Friday, June 22, 2018
Tampa Bay Rays

Rays' Nate Karns has same goal with new team

DUNEDIN — Throughout his childhood, Rays right-hander Nathan Karns' home was a moving target.

Karns' father, David, was a Navy commander, and the family lived in five states before he turned 12. Born in Franklin, Pa., Karns adjusted quickly in military bases in Pensacola, Hawaii and New Orleans before settling in Dallas, loving how fighter jets often flew overhead.

"To be able to live across the country for several years at a time is very rewarding," he said. "I think it prepared me for the lifestyle I try to live, different states to call home."

Karns, 26, had to make another unexpected move last month, when he was acquired from the Nationals for catcher Jose Lobaton and two prospects the day before the Rays reported. His spring address might have changed from Viera to Port Charlotte, but his goal remained the same: crack a big-league rotation.

And manager Joe Maddon said Wednesday that Karns is still in the mix for the fifth starter's spot, along with Jake Odorizzi, Erik Bedard and Cesar Ramos.

"He's a very confident young man," Maddon said. "He knows he's good, and I kind of like that. He's competing for a job, and he made no bones about that in the beginning. He's interesting, and a lot of it has to do with his self-confidence."

Karns backed it up on the mound Wednesday, throwing 3⅓ scoreless innings against a Blue Jays lineup that included Jose Bautista and Edwin Encarnacion. The 6-foot-3, 230-pounder scattered three hits in a 46-pitch outing. He hit 92-94 mph with his fastball and struck out Colby Rasmus with a nasty curveball.

"Made me look stupid," Rasmus said, "so I guess that's good."

Karns flashed potential in the lower minors, going 11-4, 2.17 at two Class A stops in 2012 and 10-6, 3.26 at Double-A Harrisburg last year before making three starts with the Nationals (0-1, 7.50). The Rays love his mound presence and the downward angle on his pitches (fastball, curveball, sinker, changeup), believing he has the strength and size to grow into a 200-inning type starter.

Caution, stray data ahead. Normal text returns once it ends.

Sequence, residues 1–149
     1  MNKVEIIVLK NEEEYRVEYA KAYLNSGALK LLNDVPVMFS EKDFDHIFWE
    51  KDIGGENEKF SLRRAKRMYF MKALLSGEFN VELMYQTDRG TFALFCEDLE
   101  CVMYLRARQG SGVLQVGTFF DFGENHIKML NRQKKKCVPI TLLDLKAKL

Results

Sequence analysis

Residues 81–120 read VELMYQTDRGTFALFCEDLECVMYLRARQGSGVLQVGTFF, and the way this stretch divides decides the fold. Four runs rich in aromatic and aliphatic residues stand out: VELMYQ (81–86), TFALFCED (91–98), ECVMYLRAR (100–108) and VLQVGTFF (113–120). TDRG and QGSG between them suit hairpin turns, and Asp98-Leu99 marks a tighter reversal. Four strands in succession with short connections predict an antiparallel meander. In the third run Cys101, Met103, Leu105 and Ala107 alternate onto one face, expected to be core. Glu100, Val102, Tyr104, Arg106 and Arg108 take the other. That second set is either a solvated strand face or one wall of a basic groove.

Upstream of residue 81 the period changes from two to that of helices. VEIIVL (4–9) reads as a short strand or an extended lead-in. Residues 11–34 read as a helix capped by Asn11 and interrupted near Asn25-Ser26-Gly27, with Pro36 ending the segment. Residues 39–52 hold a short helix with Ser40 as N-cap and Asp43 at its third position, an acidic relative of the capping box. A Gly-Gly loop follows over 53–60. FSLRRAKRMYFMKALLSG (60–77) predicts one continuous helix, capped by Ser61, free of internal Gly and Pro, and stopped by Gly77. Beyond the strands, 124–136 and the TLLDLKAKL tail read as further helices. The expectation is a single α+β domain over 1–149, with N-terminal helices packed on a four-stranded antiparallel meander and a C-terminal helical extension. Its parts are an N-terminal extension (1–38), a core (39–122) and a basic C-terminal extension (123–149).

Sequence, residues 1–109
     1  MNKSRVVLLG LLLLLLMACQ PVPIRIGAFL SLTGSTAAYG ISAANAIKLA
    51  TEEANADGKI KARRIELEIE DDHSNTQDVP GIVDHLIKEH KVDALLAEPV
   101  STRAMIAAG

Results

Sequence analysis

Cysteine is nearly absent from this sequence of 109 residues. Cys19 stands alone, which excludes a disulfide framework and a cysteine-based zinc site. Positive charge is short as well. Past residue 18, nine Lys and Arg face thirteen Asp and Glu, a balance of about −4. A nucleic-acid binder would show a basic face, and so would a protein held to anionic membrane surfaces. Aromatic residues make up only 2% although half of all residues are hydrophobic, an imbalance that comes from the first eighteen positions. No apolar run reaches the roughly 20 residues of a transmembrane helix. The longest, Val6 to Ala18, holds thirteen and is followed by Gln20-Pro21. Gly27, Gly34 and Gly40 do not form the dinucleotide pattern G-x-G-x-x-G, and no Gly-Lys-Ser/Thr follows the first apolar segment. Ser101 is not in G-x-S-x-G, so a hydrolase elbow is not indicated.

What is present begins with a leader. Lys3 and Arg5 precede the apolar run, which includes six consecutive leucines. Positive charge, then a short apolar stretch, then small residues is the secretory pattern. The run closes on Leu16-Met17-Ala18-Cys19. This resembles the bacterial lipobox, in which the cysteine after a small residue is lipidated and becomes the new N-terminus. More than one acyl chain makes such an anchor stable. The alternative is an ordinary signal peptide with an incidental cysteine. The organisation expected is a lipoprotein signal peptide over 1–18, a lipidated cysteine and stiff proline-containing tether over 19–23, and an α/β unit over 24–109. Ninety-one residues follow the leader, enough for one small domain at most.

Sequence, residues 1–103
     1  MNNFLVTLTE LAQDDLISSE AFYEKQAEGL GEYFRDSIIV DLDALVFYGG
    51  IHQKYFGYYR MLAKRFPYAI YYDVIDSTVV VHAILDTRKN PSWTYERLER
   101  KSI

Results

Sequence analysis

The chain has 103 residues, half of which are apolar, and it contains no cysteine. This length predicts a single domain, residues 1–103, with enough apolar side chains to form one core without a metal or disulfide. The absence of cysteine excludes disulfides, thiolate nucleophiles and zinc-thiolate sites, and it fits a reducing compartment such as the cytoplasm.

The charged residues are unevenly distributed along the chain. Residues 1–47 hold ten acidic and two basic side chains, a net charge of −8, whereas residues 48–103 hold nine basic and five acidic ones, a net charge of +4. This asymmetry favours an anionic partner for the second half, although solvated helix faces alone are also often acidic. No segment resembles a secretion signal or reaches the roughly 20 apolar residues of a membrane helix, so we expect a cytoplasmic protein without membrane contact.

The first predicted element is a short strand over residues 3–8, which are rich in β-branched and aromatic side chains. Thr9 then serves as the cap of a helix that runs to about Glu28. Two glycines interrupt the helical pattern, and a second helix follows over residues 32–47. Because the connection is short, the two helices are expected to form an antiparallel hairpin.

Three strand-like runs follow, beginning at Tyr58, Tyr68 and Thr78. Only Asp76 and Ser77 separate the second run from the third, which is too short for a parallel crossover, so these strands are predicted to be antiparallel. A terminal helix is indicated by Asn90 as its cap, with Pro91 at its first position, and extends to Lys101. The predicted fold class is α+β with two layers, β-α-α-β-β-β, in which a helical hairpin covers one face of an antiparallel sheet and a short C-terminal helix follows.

Whether Karns is ready for the rotation now, he said, is up to the Rays to decide. "I don't know who's in the running still, they said there are four names," he said. "I'm going to focus on what I can control and let everybody else worry about that."

Karns gained plenty of perspective in his difficult journey. He transferred from North Carolina State to Texas Tech after his freshman season to be closer to home and help his mother, Tambra, who battled cancer and a debilitating stroke.

"She's good now, but it was a bad time in her life," Karns said. "She's a tough woman that keeps on trucking."

Karns showed resilience, too, going through a grueling rehab after shoulder surgery in 2010 to repair a torn labrum. A 12th-round pick in 2009, Karns said it was tough to watch others get promoted while he was "still in the starting gate," as he barely pitched the next two years.

"That really built an understanding of how important a second chance really is," Karns said. "And it showed how much this game meant to me."

He bounced back in a big way, getting named Nationals minor-league pitcher of the year in 2012, his first full pro season, and turning into the touted prospect the Rays coveted.

"I started two years behind everyone," he said. "So to be where I am today is just mind-blowing, to be honest with you."

Joe Smith can be reached at [email protected]bay.com. Follow him on Twitter @TBTimes_JSmith.

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